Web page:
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RobinRFlores

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Wendell Ricketts

It's the kind of egg that's a rock and not a fossil, unfortunately.

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Location? Size?

 

Not an egg. Looks like chert nodule, but further information could change that opinion.

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You may be in a rush to assume too much here. This is likely geologic and not an egg. Do a search on Google for images of fossil eggs. Also, it is a good idea to provide some kind of scale with the image so we know how large it is, and location information of where it was found. Size and location are absolute necessities when it comes to assisting us in performing a proper identification.

 

Topic moved to Fossil ID.

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Eggs are a thin outer layer and have specific texture, think of a chicken egg texture. This is a broken concretion.

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Fossildude19

Agreed,... this is not an egg. 

No eggshell texture or even eggshell present.

Regards,

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It's a rock.

 

Have you had an opportunity yet to locate a geological map of your area? A little knowledge is always in season! :) 

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This, too, is a rock. Probably best to start a new thread. ;) 

 

I would also look up "pareidolia." Mother nature does like to throw the odd curveball in making us see stuff that tricks us. 

 

And I'm quite serious about you spending some internet time locating a geological map of your area. You will learn a great deal! :) 

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sixgill pete

@RobinRFlores  

 

Hello Robin and welcome to the forum. I am going to offer you some advice and insight. First, you need to learn something about the geology of your area and what types of fossils you can find there. By geology I mean the age of the sediments around you. I looked up the town you mentioned and see that it is slightly southwest of San Antonio. From what I see on a map it looks like you are in lower Eocene Clairborne Group.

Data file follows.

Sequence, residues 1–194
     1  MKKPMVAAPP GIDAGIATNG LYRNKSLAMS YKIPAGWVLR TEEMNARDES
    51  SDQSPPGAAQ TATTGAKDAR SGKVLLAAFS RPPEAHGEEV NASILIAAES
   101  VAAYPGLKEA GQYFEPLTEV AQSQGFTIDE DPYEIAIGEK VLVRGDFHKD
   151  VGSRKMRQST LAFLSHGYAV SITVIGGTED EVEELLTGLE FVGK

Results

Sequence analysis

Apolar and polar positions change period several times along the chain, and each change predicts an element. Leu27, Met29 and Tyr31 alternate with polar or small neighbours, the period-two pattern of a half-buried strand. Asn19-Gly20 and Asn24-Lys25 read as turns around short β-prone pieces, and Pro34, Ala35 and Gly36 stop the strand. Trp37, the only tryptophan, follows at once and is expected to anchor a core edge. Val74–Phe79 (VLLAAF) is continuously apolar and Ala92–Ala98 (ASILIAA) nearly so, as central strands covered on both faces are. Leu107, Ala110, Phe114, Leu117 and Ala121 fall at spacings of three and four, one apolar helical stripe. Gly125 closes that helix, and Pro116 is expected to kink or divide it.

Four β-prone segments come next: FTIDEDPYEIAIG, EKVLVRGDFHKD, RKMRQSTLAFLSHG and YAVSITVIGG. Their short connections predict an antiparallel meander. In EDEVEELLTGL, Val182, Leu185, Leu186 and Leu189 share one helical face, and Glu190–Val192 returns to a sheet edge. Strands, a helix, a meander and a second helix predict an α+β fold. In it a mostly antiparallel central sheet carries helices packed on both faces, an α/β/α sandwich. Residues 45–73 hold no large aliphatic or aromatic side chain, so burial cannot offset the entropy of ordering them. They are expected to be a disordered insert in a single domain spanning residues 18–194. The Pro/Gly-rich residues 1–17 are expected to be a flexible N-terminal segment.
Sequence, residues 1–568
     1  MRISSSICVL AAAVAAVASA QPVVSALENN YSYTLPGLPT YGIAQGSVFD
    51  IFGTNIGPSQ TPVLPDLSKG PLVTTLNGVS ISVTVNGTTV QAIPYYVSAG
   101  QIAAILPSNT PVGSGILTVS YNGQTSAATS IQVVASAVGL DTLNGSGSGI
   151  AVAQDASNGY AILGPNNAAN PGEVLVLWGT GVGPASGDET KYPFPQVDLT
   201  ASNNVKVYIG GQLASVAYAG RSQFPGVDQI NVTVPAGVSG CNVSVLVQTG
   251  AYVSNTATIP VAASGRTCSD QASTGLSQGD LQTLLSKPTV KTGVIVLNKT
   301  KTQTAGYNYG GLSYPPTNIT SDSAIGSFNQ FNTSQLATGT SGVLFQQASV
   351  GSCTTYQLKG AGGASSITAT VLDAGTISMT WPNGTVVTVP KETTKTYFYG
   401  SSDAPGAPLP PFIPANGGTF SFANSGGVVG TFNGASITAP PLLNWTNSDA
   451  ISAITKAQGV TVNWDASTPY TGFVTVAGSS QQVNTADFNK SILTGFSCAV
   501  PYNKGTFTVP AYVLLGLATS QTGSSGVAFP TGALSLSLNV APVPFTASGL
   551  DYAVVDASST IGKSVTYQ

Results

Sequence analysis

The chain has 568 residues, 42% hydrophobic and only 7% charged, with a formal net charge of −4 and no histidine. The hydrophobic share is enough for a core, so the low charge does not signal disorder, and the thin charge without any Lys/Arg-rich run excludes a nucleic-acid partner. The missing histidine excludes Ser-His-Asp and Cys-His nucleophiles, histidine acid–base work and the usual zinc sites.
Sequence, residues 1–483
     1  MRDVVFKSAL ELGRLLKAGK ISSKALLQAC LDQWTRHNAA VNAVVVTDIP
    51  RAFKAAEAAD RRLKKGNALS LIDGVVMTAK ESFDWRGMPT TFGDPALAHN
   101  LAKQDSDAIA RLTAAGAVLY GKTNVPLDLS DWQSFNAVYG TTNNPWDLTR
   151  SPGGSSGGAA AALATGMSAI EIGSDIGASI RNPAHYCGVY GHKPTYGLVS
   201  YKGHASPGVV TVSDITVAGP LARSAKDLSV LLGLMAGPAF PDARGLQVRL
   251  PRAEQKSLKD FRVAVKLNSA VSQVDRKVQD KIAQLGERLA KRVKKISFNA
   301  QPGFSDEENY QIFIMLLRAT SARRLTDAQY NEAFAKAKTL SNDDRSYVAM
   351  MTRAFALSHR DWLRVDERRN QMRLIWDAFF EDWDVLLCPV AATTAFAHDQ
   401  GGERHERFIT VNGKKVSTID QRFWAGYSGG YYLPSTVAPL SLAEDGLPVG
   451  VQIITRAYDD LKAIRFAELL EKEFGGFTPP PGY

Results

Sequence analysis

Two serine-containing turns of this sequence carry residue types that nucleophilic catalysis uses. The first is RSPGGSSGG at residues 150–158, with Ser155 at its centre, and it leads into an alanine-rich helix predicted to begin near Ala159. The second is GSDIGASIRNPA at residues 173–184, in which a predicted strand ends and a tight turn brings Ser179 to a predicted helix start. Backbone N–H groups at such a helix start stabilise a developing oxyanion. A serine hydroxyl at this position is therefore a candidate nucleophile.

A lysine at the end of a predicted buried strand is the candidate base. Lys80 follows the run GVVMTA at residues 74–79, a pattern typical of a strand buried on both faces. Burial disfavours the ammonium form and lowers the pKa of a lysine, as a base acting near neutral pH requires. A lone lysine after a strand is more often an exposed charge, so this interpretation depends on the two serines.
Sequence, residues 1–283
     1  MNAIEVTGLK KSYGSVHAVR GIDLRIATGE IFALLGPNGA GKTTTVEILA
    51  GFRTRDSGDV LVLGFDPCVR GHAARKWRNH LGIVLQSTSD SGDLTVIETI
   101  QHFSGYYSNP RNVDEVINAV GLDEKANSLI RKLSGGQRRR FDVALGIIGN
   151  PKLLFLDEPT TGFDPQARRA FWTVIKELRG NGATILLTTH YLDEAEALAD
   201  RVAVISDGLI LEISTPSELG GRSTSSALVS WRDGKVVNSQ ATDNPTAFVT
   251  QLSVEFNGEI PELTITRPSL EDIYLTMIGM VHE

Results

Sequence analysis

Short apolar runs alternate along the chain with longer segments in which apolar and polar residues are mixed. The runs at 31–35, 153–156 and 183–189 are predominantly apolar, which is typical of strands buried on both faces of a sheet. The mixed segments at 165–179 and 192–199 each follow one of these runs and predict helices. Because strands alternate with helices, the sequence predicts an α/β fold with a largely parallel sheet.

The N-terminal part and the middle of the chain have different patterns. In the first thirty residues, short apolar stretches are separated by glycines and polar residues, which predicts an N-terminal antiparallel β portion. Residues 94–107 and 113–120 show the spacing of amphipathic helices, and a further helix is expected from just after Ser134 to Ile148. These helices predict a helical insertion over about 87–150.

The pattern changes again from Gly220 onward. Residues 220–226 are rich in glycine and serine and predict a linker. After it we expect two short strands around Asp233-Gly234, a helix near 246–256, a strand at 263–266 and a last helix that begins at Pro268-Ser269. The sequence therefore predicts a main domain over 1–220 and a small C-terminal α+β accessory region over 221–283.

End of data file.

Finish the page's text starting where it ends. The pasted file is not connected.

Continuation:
Now that i found that so easily, try looking online to see what types of fossils are found and see what they look like. We want to help you all we can, but assuming you have found horns and toes and heads and teeth from animals that are not known from those sediments pushes our patience to its limit. Look at pictures of fossils on here and other sources online and learn what they look like so you can differentiate between a fossil and a rock.

 

Edit:  I will add that my finding of Eocene Clairborne Group is not positive. If your location is slightly further west than I approximated, you would be in Cretaceous Eagle Ford I believe. 

Edited by sixgill pete
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The first one would be an egg-shaped pseudofossil, a pretty nice broken chert / flint nodule, showing the conchoidal fractures. Take a look here .

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